Category: Graduate Students

Kathryn Ellwood presents in front of her poster at the Fall 2022 College of Agriculture and Natural Resources Research Symposium.
Kathryn Ellwood presents in front of her poster at the Fall 2022 College of Agriculture and Natural Resources Research Symposium.

Sharing their research

November 18, 2022 Written by Dante LaPenta | Photo by Monica Moriak

Thirty-three student researchers filled the Townsend Hall lobby and Commons to showcase their work at the Fall 2022 College of Agriculture and Natural Resources (CANR) Research Symposium. CANR staff and faculty moved from poster to poster, inquiring about the students’ current research and future plans.

“Thank you to the students who presented their work today. Your research moves us closer to solving some of the world’s most pressing challenges and building a healthier, more sustainable future,” said Erik Ervin, chair of the Department of Plant and Soil Sciences and professor of turfgrass and horticultural systems.

The researcher posters were grouped the college’s five unique strengths:

Students provided succinct and compelling short video poster presentations via the Forager One platform; then the Nov. 16 in-person event gave the young researchers a chance to summarize their work, often to a visitor without prior knowledge of the subject.

“The symposium was a great way to share my research with my peers within the college, and to gain more experience communicating complex topics to individuals who aren’t experts in my field, which is what science is all about!” explained Emily Kennebeck, a graduate student in the Department of Plant and Soil Sciences. “I loved seeing the wide range of projects that are being completed by other students and speaking with them about their research.”

“[The CANR Research Symposium] was a motivating and challenging experience, especially as a visiting scholar from the University of Bologna in Italy,” added Ph.D. student Martina Bordini, who conducts research with Professor of Animal Genetics Behnam Abasht.

Bordini took home the top award in genetics and genomics research.

“This award is an encouragement and inspiration to keep doing research with more and more motivation and devotion,” said Bordini.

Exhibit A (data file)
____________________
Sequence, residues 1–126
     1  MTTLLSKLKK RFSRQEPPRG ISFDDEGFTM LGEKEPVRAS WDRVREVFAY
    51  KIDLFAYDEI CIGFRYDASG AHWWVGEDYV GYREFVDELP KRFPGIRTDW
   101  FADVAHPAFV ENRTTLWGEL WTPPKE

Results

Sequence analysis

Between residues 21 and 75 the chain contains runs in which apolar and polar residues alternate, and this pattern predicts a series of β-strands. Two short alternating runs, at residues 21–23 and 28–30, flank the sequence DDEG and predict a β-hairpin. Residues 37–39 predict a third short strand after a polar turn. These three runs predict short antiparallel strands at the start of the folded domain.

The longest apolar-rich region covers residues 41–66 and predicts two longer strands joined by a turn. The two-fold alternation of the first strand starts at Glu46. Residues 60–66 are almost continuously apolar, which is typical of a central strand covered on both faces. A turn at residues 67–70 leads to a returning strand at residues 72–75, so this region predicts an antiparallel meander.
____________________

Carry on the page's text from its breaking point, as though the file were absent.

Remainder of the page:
Jeff Buler, professor of wildlife ecology, and Ryan Arsenault, associate professor of animal science, announced five first-place award winners.

Climate change impacts, mitigation and adaptation

Winner: Amanda Crandall, graduate student, Department of Entomology and Wildlife Ecology

Title: The impacts of climate and anthropogenic change on migrant stopover using weather surveillance radars

Genetics and genomics for plant, animal and ecosystem improvement

Winner: Martina Bordini, Ph.D. student, Department of Animal and Food Sciences

Title: Differential gene expression profiles elucidate molecular pathways associated with wooden breast defect in pectoralis major muscles

Human dimensions of food, agriculture and natural resources

Winner: Carl Nelson-Poteet, undergraduate student, Department of Applied Economics and Statistics

Title: Common pool resource use under heterogeneous risk and impact

One health intersections among animal, plant, human and ecosystem health

Winner: Liang-en Yu, Ph.D. student, Department of Animal and Food Sciences

Title: In-ovo glutamine administration regulates intestinal epithelium development in a broiler intestinal organoid model

Sustainable food systems, landscapes and ecosystems

Winner: Emily Kennebeck, graduate student, Department of Plant and Soil Sciences

Title: Mustard 'amara' benefits from superelevated CO2 while adapting to far-red light over time

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